I’m with Jeremy LottBut to look at the vast wasteland that is American public education — the poor teaching, the awful curriculum, the low standards, the anemic achievement, the institutional resistance to needed reform — and say that the real problem is summer vacation takes a special sort of mind.
I wrote about the war on summer vacation back in 2006, after stopping at a store in Georgia on the first day of August and discovering that this was the first day of school for the local children. In this post, I said:
The truth is, most public K-12 schools make very poor use of the time of their students. They waste huge proportions of the millions of hours which have been entrusted to them–waste them through the mindless implementation of fads and theories, waste them through inappropriate teacher-credentialing processes, waste them through refusal to maintain high standards of performance and behavior.
When an organization or institution proves itself to be a poor steward of the resources that have been entrusted to it, the right answer is not to give it more resources to waste.
Orszag and similar thinkers seem to have no concept that good things can happen to children’s development outside of an institutional setting. Plenty of kids develop and pursue interests in science, literature, art, music…plus, there is plenty to be learned simply by interacting with friends in an unstructured environment.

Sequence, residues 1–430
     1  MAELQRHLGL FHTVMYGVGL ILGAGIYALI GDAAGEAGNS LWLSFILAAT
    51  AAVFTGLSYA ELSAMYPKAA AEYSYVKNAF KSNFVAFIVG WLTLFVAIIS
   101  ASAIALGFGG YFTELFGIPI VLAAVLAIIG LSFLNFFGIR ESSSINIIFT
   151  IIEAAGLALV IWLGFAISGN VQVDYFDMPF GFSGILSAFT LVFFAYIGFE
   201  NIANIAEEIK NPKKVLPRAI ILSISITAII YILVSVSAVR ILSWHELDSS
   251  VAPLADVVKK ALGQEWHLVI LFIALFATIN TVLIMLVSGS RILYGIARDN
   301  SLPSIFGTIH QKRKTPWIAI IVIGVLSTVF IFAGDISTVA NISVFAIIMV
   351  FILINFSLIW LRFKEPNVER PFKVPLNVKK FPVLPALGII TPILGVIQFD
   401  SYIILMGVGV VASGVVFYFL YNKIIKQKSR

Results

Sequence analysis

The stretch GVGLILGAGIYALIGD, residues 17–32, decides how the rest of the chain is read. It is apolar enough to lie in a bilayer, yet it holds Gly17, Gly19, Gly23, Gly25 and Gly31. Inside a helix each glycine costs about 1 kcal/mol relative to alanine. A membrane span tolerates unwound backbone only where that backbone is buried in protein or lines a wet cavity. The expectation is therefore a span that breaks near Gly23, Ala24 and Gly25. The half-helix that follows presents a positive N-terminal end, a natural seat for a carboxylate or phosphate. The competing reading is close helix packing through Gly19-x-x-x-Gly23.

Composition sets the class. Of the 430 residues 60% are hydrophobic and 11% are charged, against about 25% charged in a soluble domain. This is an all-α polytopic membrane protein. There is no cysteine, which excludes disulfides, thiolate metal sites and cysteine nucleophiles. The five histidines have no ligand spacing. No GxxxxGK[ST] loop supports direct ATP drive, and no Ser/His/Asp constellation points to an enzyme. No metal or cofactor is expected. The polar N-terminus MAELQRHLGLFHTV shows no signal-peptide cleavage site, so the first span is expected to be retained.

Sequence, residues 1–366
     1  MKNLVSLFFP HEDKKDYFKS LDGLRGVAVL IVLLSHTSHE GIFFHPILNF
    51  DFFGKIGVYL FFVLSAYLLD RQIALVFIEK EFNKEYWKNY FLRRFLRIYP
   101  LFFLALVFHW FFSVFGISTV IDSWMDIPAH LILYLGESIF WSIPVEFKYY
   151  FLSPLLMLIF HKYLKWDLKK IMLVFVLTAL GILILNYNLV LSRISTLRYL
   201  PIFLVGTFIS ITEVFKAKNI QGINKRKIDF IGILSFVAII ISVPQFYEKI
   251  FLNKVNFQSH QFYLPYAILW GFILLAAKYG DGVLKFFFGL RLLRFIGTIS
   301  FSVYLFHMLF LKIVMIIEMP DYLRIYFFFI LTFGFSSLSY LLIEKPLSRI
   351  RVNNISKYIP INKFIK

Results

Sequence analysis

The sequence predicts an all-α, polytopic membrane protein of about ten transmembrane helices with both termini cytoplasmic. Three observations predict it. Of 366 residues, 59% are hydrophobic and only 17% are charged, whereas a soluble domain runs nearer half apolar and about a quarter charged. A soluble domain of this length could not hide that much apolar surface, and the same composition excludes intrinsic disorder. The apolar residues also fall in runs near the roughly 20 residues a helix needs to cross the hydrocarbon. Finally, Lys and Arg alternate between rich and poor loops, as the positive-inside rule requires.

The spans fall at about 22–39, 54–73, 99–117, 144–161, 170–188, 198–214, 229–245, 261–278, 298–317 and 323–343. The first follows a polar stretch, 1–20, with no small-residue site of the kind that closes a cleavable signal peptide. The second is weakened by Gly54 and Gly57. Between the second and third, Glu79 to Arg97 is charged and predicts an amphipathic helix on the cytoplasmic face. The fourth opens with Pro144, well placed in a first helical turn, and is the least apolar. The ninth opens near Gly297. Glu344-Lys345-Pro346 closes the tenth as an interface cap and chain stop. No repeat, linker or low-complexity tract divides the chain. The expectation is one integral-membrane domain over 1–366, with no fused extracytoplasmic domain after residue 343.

Would the world be better off if Steve Wozniak and Jeri Ellsworth..to name only two of many, many examples..had their noses held constantly to the school grindstone rather than having time to develop their interests in electronics?
Lewis E Lawes, who was warden of Sing Sing prison from 1915 to 1941, wrote an interesting book titled Twenty Thousand Years in Sing Sing. The title refers to the aggregate lengths of the sentences of the men in the prison at a typical particular point in time.
Twenty-five hundred men saddled with an aggregate of twenty thousand years! Within such cycles worlds are born, die, and are reborn. That span has witnessed the evolution of the intelligence of mortal man. And we know that twenty thousand years have seen nations run their courses, perish, and give way to their successors. Twenty thousand years in my keeping. What will they evolve?